History of the PWC Human Rights Commission and Human Rights Office
Mission: "To eliminate discrimination through civil and human rights law enforcement and to establish equal opportunity for all persons within the county through advocacy and education."
In 1991 the Prince William County Board of Supervisors authorized the creation of a Human Rights Study Committee to examine the need for a human rights commission based on growing diversity, population needs and resources. After several meetings and public hearings, the Study Committee determined that a need for a Human Rights Ordinance and an agency to enforce it existed. The Human Rights Ordinance would prohibit discriminatory practices based on race, color, sex, national origin, religion, marital status or disability, in employment, housing, public accommodations, education and credit, in Prince William County. In Sept. 1992 the Board of County Supervisors established a Human Rights Ordinance, which created the Human Rights Commission to ensure that “each citizen is treated fairly, provided equal protection of the law and equal opportunity to participate in the benefits, rights, and privileges of community life.”
On Jan. 15, 1993, the Human Rights Ordinance became effective and the Commission Office opened to provide services. Residents are encouraged to use its services if they feel their rights are being violated in the areas of employment, fair housing, credit, education and public accommodation.
Program to Celebrate Universal Human Rights Day to be Held on Jan. 16
The Prince William County Human Rights Commission will celebrate Universal Human Rights Day on Saturday, Jan. 16, 2016, at the James J. McCoart Administration Building, 1 County Complex Court in Woodbridge, at 9 a.m. The theme of the program is "Blacks in the Media." Peabody award winner, Jacquie Jones will deliver the keynote address and talk about her experience as an executive producer in television. Ms. Jones recently won a Peabody Award for her PBS documentary, "180 Days: A Year Inside An American High School" that sheds light on school reform in Washington, D.C.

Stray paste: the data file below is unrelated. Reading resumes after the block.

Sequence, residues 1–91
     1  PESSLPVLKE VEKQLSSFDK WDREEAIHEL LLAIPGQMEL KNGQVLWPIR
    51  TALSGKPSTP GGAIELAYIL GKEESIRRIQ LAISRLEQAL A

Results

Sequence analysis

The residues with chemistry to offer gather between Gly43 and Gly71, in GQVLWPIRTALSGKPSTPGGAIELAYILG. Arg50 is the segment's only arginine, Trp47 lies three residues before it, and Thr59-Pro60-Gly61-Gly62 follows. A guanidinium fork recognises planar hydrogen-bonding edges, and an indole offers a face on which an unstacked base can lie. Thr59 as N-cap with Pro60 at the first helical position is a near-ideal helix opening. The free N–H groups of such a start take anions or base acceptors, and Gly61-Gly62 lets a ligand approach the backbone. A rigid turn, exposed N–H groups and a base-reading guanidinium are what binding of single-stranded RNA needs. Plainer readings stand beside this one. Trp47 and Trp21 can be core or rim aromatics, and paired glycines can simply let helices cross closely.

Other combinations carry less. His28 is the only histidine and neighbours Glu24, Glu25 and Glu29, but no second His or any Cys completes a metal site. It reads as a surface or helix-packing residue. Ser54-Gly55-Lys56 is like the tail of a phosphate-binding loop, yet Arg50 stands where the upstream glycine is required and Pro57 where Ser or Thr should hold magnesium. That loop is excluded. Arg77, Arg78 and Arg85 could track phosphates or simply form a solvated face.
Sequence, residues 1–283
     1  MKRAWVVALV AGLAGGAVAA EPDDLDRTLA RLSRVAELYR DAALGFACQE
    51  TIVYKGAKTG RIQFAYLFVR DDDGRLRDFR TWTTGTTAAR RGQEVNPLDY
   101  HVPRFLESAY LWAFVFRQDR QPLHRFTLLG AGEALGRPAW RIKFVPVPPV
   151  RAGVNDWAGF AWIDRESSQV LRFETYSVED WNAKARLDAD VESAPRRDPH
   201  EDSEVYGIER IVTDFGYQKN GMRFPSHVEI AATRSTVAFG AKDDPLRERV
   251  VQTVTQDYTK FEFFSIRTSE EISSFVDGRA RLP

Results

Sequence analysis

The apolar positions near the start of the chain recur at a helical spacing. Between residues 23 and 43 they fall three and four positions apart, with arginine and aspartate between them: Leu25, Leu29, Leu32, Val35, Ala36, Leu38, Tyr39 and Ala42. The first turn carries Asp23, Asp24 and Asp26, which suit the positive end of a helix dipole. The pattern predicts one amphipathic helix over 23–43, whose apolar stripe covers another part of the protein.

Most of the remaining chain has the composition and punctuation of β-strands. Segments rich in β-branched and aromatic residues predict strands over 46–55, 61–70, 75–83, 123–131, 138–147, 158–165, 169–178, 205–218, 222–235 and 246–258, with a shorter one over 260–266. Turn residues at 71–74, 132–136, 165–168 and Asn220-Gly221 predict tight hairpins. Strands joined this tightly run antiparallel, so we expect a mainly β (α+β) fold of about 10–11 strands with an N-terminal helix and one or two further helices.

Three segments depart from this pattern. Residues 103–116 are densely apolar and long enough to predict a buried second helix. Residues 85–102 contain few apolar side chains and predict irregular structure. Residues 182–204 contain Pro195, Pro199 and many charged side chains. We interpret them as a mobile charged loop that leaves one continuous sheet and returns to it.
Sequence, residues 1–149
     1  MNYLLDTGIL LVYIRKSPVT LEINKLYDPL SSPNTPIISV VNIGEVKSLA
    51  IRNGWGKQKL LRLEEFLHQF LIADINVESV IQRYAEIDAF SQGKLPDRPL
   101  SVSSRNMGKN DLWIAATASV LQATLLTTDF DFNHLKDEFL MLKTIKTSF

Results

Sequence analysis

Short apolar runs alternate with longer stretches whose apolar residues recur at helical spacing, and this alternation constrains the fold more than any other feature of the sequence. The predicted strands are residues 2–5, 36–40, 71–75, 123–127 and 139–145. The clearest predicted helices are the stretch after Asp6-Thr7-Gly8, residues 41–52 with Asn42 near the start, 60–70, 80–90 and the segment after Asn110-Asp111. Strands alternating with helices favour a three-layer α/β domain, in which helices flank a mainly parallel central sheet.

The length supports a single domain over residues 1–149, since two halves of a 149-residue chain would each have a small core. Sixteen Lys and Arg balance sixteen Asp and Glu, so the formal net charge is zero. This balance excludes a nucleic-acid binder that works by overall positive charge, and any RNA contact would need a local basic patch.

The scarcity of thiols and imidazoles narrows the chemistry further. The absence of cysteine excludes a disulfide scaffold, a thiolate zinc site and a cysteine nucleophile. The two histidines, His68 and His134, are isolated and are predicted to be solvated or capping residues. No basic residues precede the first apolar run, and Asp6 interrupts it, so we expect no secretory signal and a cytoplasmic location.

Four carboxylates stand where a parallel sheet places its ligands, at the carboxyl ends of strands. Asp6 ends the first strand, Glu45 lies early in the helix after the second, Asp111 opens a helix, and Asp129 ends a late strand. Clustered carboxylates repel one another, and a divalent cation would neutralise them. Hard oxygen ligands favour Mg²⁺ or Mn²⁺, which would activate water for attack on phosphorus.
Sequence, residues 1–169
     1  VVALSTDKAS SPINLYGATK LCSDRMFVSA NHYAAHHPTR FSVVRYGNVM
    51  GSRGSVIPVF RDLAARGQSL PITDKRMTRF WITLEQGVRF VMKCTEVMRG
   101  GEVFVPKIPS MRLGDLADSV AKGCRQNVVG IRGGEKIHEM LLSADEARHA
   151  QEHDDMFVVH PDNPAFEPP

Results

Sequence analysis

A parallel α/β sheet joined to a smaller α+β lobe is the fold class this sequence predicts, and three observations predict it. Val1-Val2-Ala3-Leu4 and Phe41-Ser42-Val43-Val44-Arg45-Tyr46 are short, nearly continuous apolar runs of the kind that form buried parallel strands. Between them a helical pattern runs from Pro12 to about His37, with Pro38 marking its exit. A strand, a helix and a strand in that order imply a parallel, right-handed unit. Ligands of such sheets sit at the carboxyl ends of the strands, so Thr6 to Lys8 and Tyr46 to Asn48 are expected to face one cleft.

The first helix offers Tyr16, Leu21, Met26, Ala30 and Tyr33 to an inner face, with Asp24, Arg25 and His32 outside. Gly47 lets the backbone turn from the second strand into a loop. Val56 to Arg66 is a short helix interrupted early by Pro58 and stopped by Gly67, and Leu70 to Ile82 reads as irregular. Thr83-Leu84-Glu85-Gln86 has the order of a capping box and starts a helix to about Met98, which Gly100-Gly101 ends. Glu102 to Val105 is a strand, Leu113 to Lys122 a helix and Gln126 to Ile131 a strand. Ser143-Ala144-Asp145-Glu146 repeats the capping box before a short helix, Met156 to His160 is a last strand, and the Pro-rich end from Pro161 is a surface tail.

In addition, the Smithsonian National Museum of African American History will send a member of its executive staff to talk about the newest museum coming to our nation's capital in September 2016. The day will include breakfast and the annual presentation of the Human Rights Awards given to members of the community who provide unique contributions to human and civil rights. The 2015 winners are Dr. Alice Howard, Mr. Rex Parr, The Foreclosure Team (Rev. Clyde Ellis, Father Gerry Creedon, Rev. Keith Savage, and Mike Wilson), the Voting Rights Commemorative Team, and the NAACP (Ban the Box Initiative).
The event is free and open to the public. The community is invited to share in this important celebration. If you plan to attend, please RSVP to the Human Rights office at 703-792-4680 or email firstname.lastname@example.org.
The United Nations declared Universal Human Rights Day on Dec. 10, 1948, to recognize the inherent dignity and equal and inalienable rights of all members of the human family as the foundation of freedom, justice and peace in the world.
More information about the Prince William County Human Rights Commission and the Human Rights Office can be found on the County's website.
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